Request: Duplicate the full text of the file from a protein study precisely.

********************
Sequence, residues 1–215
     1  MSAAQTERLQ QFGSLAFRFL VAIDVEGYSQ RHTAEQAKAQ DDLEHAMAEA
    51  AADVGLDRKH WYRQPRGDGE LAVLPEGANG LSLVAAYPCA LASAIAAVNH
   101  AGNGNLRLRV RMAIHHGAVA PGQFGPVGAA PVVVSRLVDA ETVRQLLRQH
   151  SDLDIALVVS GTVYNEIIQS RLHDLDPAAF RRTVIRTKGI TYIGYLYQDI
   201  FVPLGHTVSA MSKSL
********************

Sequence, residues 1–215
     1  MSAAQTERLQ QFGSLAFRFL VAIDVEGYSQ RHTAEQAKAQ DDLEHAMAEA
    51  AADVGLDRKH WYRQPRGDGE LAVLPEGANG LSLVAAYPCA LASAIAAVNH
   101  AGNGNLRLRV RMAIHHGAVA PGQFGPVGAA PVVVSRLVDA ETVRQLLRQH
   151  SDLDIALVVS GTVYNEIIQS RLHDLDPAAF RRTVIRTKGI TYIGYLYQDI
   201  FVPLGHTVSA MSKSL